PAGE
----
The sheer pressure of construction activity has deprived Gwadar’s fisherman access to the sea. One of their current demands is to build a ‘breakwater structure’ along the eastern side of the port, to preserve their traditional trawling area. They also want to stop construction of a 19 km long ‘East Bay Expressway’, joining up to the Makran coastal highway.

In August 2021, hundreds of local fisher folk protested against ‘illegal fishing activity’ by trawlers, believed to be Chinese, equipped with latest fishing techniques. They were left hungry, poor and weak against the powerful trawlers. For months they failed to find fish to sell, posing a grave threat to their livelihood. Though China has officially denied their presence, these trawlers still remain in the high seas.

Acute water scarcity has always plagued Gwadar. Per capita water requirement for the town was estimated at 18 gallons per day. In 2012, Gwadar needed 5.5 mgd (million gallons per day), this rose to 6 mgd by 2017. The main source of water for Gwadar is the Akra Dam, located 15 km to the north, artificially constructed in 1995 at a cost of $24 million. It stretches over a catchment area of 27 sq miles (6,900 hectares). Even in the past, it could supply only 3 to 3.5 million gallons per day (mgd) to Gwadar and adjoining areas, including to Turbat city. The dam dried up in 2012. Again, in 2015, water levels there dropped alarmingly, causing immense hardship to the town inhabitants. Water tankers, costing Rs 17,000 per tanker had to be brought in by the district administration. Supply was rationed to 30-40 gallons per week to one family.

Securitisation of the city precincts is another problem. Sporadic attacks against Chinese personnel by Baloch insurgents belonging to the Baloch Republican Army (BRA) and Baloch Liberation Army (BLA) have taken place from 2003 onwards, intensifying in later years. A large number of checkposts have sprung up, which subject locals to harassment. Removal of these has been one of the demands voiced by the agitating fishermen.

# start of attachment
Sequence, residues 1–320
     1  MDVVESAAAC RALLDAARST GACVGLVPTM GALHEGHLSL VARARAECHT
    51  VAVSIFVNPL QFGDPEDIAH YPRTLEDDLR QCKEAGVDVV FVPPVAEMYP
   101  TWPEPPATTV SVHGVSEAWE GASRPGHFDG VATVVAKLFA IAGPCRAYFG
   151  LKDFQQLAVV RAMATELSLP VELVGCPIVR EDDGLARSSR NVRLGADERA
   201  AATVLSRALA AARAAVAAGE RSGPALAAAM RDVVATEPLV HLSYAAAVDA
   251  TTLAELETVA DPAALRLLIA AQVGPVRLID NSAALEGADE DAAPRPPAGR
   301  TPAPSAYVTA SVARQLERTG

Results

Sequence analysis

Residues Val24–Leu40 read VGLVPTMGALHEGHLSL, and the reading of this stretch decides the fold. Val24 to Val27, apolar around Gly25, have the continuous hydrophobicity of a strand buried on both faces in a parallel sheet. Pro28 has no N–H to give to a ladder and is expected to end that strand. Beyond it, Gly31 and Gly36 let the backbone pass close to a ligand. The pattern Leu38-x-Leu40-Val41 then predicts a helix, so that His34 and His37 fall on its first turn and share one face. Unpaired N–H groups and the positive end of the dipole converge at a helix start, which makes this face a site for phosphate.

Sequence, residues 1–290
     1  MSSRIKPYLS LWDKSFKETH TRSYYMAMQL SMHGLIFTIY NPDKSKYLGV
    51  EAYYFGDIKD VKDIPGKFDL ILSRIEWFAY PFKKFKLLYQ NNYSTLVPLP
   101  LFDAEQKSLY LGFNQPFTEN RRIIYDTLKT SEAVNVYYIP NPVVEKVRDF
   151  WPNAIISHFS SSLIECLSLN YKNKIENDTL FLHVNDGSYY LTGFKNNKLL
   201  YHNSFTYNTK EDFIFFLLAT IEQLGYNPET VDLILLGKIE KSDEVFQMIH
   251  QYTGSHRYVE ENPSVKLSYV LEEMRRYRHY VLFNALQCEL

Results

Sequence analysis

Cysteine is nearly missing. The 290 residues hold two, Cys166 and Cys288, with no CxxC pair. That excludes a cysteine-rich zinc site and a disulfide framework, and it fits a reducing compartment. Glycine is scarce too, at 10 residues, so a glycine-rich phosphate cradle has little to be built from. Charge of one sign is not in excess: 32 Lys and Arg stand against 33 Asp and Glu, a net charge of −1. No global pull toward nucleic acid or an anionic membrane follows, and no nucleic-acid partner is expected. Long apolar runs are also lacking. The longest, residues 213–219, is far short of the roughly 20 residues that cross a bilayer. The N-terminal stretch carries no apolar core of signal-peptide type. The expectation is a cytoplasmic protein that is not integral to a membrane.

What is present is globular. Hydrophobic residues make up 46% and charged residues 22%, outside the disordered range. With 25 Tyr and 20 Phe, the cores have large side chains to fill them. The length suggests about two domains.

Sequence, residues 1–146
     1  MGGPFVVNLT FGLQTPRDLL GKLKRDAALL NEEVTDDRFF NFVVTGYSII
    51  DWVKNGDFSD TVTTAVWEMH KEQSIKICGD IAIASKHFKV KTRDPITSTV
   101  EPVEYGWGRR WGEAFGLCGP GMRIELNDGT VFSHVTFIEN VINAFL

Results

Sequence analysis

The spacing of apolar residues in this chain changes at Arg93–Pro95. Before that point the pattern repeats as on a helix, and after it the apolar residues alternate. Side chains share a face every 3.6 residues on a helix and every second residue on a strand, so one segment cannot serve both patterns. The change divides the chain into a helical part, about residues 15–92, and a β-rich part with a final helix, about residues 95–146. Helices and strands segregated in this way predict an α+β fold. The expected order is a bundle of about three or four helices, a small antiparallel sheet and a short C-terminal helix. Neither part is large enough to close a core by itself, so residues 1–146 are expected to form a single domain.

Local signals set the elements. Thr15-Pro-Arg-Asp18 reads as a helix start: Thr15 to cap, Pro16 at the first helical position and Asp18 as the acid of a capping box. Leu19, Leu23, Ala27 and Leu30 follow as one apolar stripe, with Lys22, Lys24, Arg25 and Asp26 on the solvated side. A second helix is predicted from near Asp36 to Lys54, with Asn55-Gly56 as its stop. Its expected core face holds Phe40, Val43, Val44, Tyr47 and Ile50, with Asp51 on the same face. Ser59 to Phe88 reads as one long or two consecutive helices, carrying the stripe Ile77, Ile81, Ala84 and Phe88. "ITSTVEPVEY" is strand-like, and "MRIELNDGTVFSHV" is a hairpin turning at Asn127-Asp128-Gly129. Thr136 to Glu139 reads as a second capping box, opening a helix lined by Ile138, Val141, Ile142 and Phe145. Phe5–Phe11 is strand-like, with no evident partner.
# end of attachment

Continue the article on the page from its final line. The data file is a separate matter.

Politicians representing the area have not been able to adequately highlight these problems. Dr Abdul Malik Baloch, elected from NA 272 Lasbela, Gwadar, was Chief Minister of Balochistan briefly, from 2013 to 2015 but he lost to Mohd Aslam Bhutani (Independent) in the 2018 elections. In the Balochistan Provincial Assembly, PB 51 Gwadar is represented by Mir Hammal Kalmati of the Balochistan Awami Party (Akhtar Mengal).

Of late, cudgels for the Gwadar fishermen have been taken up by Maulana Hidayat ur Rehman, a Jamaat e Islami cleric, through his ‘Gwadar ko Huqooq do’ (Give rights to Gwadar) rally. He is a resident of Surbandar, an outlying village near the old city and claims to be of fisherman lineage. Sources close to the Pakistani establishment allege he may be having links with mafias from Karachi, which support smuggling across the border, both of drugs and diesel, to Iran.

On 10 December 2021, the situation escalated after the police arrested veteran Baloch politician Mir Yousaf Masti Khan for an allegedly inflammatory ‘anti-state’ speech at the Gwadar sit in. Belatedly, Prime Minister Imran Khan extended an assurance to stop fishing by foreign trawlers. Whether this helps defuse tensions remains to be seen.

Meanwhile, hopes of Gwadar emerging as a ‘gemstone’ or a ‘game changer’ for the economy remain elusive, while Pakistan sips from the ‘golden chalice’ of Chinese benevolence.

The writer is a former special secretary, Cabinet Secretariat. Views expressed are personal